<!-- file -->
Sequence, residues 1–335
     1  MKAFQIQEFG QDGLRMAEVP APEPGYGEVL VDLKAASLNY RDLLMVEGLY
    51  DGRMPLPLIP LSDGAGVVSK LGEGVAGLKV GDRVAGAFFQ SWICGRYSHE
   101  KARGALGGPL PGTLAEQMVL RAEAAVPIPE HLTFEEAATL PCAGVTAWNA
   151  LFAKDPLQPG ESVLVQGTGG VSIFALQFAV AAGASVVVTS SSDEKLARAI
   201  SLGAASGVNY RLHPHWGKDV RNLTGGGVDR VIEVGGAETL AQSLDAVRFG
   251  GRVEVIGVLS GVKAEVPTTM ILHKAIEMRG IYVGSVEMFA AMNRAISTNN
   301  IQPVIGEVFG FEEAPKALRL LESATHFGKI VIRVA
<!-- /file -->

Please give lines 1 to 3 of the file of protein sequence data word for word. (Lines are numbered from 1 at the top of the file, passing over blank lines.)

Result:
Sequence, residues 1–335
     1  MKAFQIQEFG QDGLRMAEVP APEPGYGEVL VDLKAASLNY RDLLMVEGLY
    51  DGRMPLPLIP LSDGAGVVSK LGEGVAGLKV GDRVAGAFFQ SWICGRYSHE